Otto W. Geist: A Legend In His Own Lifetime - Part 1
Charles J. Keim, dean of the College of Arts and Letters, and longtime personal friend of Otto Geist, issued this UA News Release on Aug. 6, 1963.
Otto Geist, born on December 27, 1888 in Kircheiselfing, Bavaria, started a trip around the world in May of 1962. Shortly after his arrival in Europe, he became ill and was confined to the hospital for more than a year prior to his death.
He was one of 15 children of Mr. and Mrs. Franz Antone Geist. Two brothers, Sigismund of Munich, and Carl of Louisiana, survive Dr. Geist. Their father was superintendent of the consolidated schools at Eiselfing and a noted antiquarian in that region. He encouraged his son's interest in the fields in which he later would gain international renown.
While still a boy, a collection of his early Roman artifacts was placed in a Bavarian museum. He attended a Benedictine school at Martinsbuhl in the Tyrol region where he learned the mechanics and machinists trade. Later he earned a journeyman's diploma in an art metal works in Mallersdorf in Lower Bavaria. For a time he worked with the Kraus and Company locomotive factory, which was making locomotives for China and South America.
When automobiles began to make an appearance on the German roads, he became a driver and mechanic for a sightseeing bus company. In 1908, when he was 19, he was called into the German army. After serving approximately two years, he was discharged and immediately applied for passage to the United States aboard the George Washington. She was making her maiden voyage from Bremen to New York and was loaded with immigrants of many nationalities who, like Otto, were seeking their fortunes in the New World.
Otto worked for a time in a Chicago hospital, then walked to Kansas where he worked on a farm for $100 a year, plus room, board and clothing. After two years he became tired of his employer's "affection for the jug" and moved to another farm where he worked a year. For two years he worked as a mechanic in Kansas City then became chauffeur and part-time gardener for Sterling Morton, president of Morton Salt Company. In 1916, Otto served as a mechanic and driver under Gen. John J. "Blackjack" Pershing who was leading a punitive expedition into Mexico against Francisco Villa.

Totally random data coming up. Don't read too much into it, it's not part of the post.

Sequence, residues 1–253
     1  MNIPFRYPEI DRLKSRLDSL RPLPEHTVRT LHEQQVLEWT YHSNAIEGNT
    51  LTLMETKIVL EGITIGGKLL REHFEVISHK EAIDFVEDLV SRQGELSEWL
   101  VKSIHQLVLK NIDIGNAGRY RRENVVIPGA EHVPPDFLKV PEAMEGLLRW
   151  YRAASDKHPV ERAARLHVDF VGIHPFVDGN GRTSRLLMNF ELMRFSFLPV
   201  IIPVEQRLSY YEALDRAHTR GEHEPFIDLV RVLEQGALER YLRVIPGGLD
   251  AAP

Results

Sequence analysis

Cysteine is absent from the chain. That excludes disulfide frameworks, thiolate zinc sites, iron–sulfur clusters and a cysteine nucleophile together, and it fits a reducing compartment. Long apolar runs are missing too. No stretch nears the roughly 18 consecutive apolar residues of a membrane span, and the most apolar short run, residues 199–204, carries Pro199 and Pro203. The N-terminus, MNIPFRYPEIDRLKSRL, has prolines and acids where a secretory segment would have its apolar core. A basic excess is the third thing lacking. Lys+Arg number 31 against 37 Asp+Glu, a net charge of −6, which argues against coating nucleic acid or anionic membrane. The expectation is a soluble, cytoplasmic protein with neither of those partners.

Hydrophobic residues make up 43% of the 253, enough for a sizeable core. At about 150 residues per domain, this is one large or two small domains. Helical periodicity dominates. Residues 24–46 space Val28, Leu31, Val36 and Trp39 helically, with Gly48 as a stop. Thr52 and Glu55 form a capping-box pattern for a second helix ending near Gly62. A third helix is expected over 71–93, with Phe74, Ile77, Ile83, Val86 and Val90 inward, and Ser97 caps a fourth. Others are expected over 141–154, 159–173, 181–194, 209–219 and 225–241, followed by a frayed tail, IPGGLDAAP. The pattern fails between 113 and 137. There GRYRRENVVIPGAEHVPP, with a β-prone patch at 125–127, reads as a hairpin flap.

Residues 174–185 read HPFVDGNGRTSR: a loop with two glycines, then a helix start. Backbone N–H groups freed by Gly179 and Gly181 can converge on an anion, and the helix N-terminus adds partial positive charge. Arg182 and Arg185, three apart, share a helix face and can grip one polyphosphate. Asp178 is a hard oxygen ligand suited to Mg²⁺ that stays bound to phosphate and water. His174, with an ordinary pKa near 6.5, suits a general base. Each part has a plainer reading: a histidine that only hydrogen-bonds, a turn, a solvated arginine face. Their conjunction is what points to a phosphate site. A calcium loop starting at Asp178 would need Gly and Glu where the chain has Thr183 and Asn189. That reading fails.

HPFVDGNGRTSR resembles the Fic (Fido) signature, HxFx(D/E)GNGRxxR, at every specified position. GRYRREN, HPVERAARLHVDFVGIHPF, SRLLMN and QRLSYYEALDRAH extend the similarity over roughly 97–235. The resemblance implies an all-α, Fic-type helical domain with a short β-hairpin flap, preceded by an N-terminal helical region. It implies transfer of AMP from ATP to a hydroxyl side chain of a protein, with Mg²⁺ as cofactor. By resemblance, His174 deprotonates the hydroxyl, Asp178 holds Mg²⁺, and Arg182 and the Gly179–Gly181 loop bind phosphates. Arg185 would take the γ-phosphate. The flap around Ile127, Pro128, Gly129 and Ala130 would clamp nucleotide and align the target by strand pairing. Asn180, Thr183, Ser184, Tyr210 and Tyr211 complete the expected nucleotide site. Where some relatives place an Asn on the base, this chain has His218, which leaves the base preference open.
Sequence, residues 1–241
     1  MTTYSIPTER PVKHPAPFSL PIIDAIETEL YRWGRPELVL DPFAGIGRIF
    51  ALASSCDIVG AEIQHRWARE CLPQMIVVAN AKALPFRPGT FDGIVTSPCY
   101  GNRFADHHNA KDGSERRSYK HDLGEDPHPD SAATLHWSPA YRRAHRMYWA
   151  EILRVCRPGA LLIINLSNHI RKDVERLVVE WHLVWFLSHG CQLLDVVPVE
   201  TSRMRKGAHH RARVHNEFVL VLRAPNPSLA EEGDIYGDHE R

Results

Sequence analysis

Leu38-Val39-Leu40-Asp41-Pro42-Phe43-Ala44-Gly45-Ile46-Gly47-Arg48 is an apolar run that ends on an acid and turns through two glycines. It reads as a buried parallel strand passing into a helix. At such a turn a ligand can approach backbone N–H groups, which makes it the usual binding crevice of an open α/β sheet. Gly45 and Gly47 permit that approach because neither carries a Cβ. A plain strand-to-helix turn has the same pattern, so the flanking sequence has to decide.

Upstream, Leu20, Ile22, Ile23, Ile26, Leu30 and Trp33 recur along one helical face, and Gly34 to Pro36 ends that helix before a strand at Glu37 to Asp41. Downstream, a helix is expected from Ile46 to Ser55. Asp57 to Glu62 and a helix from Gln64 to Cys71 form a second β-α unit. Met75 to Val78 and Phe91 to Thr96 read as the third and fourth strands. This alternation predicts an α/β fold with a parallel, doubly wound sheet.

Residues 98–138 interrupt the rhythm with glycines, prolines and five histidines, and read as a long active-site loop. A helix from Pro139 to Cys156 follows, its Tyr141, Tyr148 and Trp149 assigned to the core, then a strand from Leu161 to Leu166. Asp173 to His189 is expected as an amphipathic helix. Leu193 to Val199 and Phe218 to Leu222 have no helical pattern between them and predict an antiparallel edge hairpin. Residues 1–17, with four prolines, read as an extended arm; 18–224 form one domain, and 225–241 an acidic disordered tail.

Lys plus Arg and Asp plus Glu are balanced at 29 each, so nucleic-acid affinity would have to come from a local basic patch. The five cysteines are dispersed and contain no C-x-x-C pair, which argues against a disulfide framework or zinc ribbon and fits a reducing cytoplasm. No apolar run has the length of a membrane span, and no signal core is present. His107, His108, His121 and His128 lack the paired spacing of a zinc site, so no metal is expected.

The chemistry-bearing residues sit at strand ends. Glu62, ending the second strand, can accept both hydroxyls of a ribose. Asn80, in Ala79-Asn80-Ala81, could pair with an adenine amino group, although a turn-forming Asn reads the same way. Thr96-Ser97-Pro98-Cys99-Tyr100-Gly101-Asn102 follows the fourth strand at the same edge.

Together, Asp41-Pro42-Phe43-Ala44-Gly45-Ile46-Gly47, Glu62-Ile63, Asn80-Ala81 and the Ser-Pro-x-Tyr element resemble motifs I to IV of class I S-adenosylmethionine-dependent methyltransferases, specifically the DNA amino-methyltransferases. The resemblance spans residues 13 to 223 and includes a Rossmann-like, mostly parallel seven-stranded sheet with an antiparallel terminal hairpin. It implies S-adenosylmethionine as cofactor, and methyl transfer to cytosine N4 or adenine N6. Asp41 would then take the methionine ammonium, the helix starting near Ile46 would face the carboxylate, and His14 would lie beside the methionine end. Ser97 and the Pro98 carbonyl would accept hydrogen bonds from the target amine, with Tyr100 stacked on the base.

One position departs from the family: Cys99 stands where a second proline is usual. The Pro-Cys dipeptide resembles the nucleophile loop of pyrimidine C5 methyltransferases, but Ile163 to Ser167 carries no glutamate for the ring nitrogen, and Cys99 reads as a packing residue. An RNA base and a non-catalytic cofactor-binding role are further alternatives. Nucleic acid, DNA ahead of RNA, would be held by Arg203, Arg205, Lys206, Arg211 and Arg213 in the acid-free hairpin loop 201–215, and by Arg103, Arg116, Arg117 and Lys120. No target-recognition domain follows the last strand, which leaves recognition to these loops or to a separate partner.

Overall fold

After he was discharged from that service, Otto worked for a time in Morton's factory that was manufacturing teletype sets. When the United States entered the war against Germany on April 6, 1917, Otto again entered the service of his adoptive country. He served in France as a trucker and, after World War I ended, was a chauffeur for The American Commission to Negotiate Peace. After his discharge from that service in 1920, he formed his own trucking service in Kansas City, just in time to be wiped out by the depression of 1920-23.
A brother, Josef, who was working in a marble quarry at Tokeen on Prince of Wales Island in the southeastern part of the Territory of Alaska, persuaded him to head north to start a new life. The two brothers laid steel for the Alaska Railroad, then in 1924 Otto accompanied Harper Workman, an old sourdough, to Bettles aboard a precariously loaded riverboat. During the summer of 1924, Otto served as second engineer aboard the sternwheeler Teddy R., owned by trader Sam Dubin. He invested his $1,600 earnings in a mining venture at Lake Creek, which empties into Wild Lake in the Arctic. Otto and his partners helped their dogs eat more than 2,500 snowshoe hares that winter and in the spring cleanup the miners obtained approximately $100 a piece in gold for their efforts, which had included mushing to the mine from Bettles in weather that went down to minus 60 degrees F.
UA Site named after Otto Geist
Otto Geist is also mentioned in these articles:
University of Alaska Museum: History of the Herbarium
Alaska Native Remains Returned, Arctic Science Journeys (1996) - Radio Script
Rozell, Ned. Permafrost Preserves Clues to Deadly 1918 Flu, Article #1368, Alaska Science Forum (1998)